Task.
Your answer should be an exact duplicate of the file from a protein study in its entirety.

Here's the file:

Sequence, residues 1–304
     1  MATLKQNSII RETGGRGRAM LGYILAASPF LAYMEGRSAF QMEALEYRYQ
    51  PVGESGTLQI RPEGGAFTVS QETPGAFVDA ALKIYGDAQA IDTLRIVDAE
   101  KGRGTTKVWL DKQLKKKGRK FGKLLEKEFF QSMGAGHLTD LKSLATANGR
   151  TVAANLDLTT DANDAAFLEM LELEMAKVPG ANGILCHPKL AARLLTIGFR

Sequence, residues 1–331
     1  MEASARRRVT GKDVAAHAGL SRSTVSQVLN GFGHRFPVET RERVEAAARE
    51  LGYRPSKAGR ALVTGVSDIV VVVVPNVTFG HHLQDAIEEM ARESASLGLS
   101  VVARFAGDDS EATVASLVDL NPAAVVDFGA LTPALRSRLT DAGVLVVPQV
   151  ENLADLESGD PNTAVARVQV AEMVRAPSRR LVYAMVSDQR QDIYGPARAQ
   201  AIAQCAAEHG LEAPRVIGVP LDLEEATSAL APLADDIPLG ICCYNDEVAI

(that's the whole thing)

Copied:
Sequence, residues 1–304
     1  MATLKQNSII RETGGRGRAM LGYILAASPF LAYMEGRSAF QMEALEYRYQ
    51  PVGESGTLQI RPEGGAFTVS QETPGAFVDA ALKIYGDAQA IDTLRIVDAE
   101  KGRGTTKVWL DKQLKKKGRK FGKLLEKEFF QSMGAGHLTD LKSLATANGR
   151  TVAANLDLTT DANDAAFLEM LELEMAKVPG ANGILCHPKL AARLLTIGFR

Sequence, residues 1–331
     1  MEASARRRVT GKDVAAHAGL SRSTVSQVLN GFGHRFPVET RERVEAAARE
    51  LGYRPSKAGR ALVTGVSDIV VVVVPNVTFG HHLQDAIEEM ARESASLGLS
   101  VVARFAGDDS EATVASLVDL NPAAVVDFGA LTPALRSRLT DAGVLVVPQV
   151  ENLADLESGD PNTAVARVQV AEMVRAPSRR LVYAMVSDQR QDIYGPARAQ
   201  AIAQCAAEHG LEAPRVIGVP LDLEEATSAL APLADDIPLG ICCYNDEVAI